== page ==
With Our Chins Up! (Part 1)

We are told of a story that it had been decided that hell was going out of business, and, on account of this, all the devil’s tools were being put up for sale.

All his favorite instruments of evil were laid out in a most attractive display – malice, hatred, pride, envy, jealousy, lust, anger, deceit, and dishonesty, along with many others, and each had quite the high price tag.

But in a special display case lay a harmless-looking wedge-shaped tool that had clearly been used more than the others and carried the highest price of them all.

When asked what it was, the evil one proudly replied that the wedge was discouragement, and then went on to say why it was priced so high: “It is more useful to me than any other,” said the devil. “With it, I can pry open and get inside a man’s soul when everything else fails. But once inside, I can use him in whatever way I wish, and the tools I could not get to work on the outside suddenly begin to work, and work quite well. The thing is so worn because I use it on nearly everybody, since very few people realize that it belongs to me.”

Obviously, this is a fictional story, but the point is well made, as discouragement is one of those things we all must deal with to some degree or another throughout our lives.

It pertains to our spiritual pursuits as well as material; sometimes discouragement can serve as wake-up call to re-organize our priorities, especially in the case of those who are too worldly and have little place for God in their lives, so what we get discouraged about can be useful in revealing what we hold important. Nonetheless, we can meet with discouragement also through no fault of our own; sometimes it comes as a consequence of our personal limitations or the limitations of circumstance, or a combination of the two.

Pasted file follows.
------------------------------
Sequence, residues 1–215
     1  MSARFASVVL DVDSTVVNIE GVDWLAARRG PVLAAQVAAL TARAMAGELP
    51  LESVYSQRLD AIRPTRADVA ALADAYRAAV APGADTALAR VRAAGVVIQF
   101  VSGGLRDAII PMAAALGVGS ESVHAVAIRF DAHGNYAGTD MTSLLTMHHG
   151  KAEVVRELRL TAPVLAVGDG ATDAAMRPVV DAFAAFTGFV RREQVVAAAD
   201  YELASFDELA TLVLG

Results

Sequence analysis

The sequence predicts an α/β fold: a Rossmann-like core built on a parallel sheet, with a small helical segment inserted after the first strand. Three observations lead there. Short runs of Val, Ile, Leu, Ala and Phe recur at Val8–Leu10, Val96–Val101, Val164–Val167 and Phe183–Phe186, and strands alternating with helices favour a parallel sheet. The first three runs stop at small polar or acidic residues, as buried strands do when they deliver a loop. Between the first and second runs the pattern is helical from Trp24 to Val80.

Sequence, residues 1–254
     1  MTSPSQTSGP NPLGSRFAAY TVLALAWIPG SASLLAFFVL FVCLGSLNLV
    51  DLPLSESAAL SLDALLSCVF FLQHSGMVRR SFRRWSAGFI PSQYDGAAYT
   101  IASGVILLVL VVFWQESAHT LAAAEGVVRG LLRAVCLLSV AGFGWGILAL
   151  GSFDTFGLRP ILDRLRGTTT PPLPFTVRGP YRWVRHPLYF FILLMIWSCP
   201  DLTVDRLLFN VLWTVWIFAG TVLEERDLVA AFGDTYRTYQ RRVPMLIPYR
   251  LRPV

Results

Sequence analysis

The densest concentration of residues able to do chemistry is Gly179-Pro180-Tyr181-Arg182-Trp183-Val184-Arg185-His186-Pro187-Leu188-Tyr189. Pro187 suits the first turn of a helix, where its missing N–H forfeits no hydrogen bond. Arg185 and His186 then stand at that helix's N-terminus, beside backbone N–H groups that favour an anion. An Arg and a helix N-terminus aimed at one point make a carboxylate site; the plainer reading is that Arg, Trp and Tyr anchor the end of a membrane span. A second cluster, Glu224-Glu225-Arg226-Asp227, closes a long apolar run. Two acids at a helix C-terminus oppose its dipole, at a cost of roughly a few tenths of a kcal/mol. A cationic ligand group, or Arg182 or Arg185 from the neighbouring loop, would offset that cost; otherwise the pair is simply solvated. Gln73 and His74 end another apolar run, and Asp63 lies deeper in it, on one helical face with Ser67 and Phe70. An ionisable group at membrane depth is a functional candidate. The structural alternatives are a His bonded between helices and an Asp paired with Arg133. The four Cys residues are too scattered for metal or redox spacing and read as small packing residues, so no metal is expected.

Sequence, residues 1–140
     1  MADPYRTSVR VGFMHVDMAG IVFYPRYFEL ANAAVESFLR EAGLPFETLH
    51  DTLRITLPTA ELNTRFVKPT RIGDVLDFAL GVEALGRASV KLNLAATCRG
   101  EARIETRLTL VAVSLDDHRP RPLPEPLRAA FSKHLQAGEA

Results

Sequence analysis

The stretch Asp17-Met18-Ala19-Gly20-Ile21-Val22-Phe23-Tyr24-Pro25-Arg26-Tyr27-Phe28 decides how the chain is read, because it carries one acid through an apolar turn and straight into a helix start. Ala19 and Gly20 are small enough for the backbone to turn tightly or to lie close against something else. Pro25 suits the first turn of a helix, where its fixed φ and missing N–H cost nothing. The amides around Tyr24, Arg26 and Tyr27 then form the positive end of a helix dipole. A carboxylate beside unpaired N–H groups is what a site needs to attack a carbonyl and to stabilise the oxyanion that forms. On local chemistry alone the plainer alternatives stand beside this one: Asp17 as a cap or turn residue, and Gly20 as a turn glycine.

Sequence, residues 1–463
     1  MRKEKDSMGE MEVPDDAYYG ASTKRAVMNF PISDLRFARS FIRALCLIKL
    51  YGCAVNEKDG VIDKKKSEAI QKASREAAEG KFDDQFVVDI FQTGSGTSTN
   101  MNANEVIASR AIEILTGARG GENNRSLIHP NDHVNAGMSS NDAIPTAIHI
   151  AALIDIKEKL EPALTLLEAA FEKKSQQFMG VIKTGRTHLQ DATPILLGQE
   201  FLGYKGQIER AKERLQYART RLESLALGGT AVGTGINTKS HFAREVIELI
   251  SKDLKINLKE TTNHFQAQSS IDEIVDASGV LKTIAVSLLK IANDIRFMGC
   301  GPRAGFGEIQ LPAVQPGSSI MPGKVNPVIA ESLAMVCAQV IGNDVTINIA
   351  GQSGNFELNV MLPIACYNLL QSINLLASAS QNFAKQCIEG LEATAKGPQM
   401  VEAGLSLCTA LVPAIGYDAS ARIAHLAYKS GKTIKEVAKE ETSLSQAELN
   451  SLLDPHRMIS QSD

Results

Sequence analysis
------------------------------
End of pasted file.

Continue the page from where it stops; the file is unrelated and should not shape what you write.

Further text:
True, the more important the undertaking, the greater the discouragement we risk meeting with, because failure seems to cost us more, as we are more personally invested in it. And since we know that the most important undertaking is the salvation of our souls, the discouragement that comes with this pursuit can hit fairly hard.

The devil is well aware of that and so he will do anything that will get us to abandon the cause.  Accurate portrayals of the lives of the saints often show that, as they acquired virtue in other regards, discouragement continued to be a frequent temptation; they had to wrestle against the thought that their labors were worthless, that God had abandoned them, or that they made a mistake and must drastically change their course and pursue something else, especially when the harvest seemed so meager when compared to the effort expended.

Nonetheless, discouragement is a real point of contention throughout our lives when it comes to doing God’s work, in whatever capacity God may call us to. This is why it is noteworthy that the Church prays at the foot of the altar: Quare tristis es, anima mea, et quare conturbas me.

So although we may have diverse work to do for the kingdom of God, we also share common responsibilities as members of the Church through Baptism and citizens already of heaven: we all must maintain a state of grace, but not only that, to increase it in our souls, by God’s help, through prayer and the Sacraments, and also through the circumstances He disposes for us to patiently endure.

Sometimes just doing that poses its own challenges, but God’s best gifts always go beyond our natural abilities to manage (ask anyone raising a family how true that is), and that is to remind us that it is His work, not ours, and He is well within His right to craft His work in whatever way He sees fit for our benefit.

So there are plenty of opportunities for discouragement through life if we lose (or never gain) a proper perspective.

When push comes to shove then, discouragement really involves how we handle failure, either real or perceived, both personally, like in trying to overcome the sin we never seem to be able to overcome, and also amongst those we may have care over, like when spouses have to come to terms with each other’s limitations and love each other anyway.

After that, effectively battling discouragement entails understanding how God tends to encrust success in failures, by which we gain a realistic perspective on His expectations, while always leaving room for growth.

January 18, 2021